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Your looking at approximately 376 gallon if filled to the brim. X 8 pounds per gallon and your looking at a total weight of 3000 pounds your 2x4 frame would be sufficient. To hold this amount of water. Things to note both ends of you wall overlap the side walls. This is your weak link. As far as using 3 tech deck screws is no problem but what I would do is to also apply a polyurethane glue to each joint as your screwing each stud together. Then and this is where your strength will be is in a doble top and bottom plate. Where you overlap your joints . Follow the drawing below add your 3/4 pressure treated plywood and then I would also add a second layer not so much because it won't be strong enough NOW but for when it starts to rot you will more then double the life span
Screenshot_20210403-181320_Gallery.jpg
 
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Install two 3 inch screws to every stud.from the plate into the end grain of each stud. Again applying gorilla glue before screwing.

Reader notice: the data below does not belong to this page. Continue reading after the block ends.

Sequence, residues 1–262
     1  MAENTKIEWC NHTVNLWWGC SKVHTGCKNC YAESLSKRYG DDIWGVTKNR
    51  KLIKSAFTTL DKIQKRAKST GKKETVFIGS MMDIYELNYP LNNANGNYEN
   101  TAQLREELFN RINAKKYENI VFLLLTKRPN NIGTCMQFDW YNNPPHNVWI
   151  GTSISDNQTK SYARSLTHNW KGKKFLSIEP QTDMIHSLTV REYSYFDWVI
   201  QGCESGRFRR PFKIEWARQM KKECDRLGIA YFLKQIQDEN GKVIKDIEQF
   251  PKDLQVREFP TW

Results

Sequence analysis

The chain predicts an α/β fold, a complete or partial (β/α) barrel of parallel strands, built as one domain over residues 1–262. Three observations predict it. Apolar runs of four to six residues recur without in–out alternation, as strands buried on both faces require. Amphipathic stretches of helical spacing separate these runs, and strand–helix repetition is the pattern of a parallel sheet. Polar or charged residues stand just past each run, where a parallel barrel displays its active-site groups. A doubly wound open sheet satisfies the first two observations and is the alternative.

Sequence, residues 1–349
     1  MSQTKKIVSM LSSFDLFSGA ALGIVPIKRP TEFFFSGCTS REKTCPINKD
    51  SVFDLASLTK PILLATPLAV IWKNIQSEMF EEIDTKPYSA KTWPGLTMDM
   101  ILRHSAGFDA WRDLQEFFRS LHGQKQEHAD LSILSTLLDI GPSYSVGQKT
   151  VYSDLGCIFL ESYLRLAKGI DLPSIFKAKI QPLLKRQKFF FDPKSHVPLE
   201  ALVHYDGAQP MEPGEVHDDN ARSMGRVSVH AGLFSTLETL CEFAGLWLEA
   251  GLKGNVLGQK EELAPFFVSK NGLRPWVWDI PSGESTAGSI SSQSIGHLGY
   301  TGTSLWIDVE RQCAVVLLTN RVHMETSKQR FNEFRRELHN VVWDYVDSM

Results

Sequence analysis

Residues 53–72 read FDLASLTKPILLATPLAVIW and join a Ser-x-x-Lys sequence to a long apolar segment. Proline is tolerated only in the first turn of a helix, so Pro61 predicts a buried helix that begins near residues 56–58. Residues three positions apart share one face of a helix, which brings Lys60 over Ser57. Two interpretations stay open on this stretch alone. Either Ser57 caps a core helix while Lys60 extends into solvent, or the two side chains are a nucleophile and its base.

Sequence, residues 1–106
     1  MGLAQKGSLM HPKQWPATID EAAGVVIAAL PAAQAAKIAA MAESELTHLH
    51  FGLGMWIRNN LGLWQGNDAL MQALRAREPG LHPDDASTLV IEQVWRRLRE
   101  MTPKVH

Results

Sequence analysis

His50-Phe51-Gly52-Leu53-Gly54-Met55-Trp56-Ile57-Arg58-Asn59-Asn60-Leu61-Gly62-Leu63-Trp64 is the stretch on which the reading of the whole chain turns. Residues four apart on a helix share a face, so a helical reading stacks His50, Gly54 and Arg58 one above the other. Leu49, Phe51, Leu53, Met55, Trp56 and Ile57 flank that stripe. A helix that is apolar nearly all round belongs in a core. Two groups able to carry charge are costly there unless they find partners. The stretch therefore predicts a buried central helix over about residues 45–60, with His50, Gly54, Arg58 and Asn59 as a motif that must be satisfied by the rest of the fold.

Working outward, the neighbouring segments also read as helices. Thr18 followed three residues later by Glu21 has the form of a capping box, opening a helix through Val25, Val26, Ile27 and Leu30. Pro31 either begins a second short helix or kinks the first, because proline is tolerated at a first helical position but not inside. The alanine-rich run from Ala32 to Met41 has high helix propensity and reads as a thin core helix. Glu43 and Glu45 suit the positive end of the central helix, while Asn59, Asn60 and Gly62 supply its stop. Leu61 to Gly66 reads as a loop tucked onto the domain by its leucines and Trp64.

On the ends that will have the full width on end you have two studs with what we refer to as a block between ( a 8 inch piece of 2x4 inbetween the studs at the top and the bottom screw three screws staggered on each side making a sandwich again apply your glue to everything but beware this glue expands three times what you put on and wear gloves it stains skin really well. The top and bottom plates you'll want to drive three screws into the over laped stud at a min and then stager your screws down the length of the stud every 8 inches. The frame will outlast the wood rotting . But like you were thinking 6x6 will last even longer possibly but is a challange in making it look nice as the pressure treated shrinks and twists. With your current design you can face the frame with cedar which will age gracefully and look like a million bucks.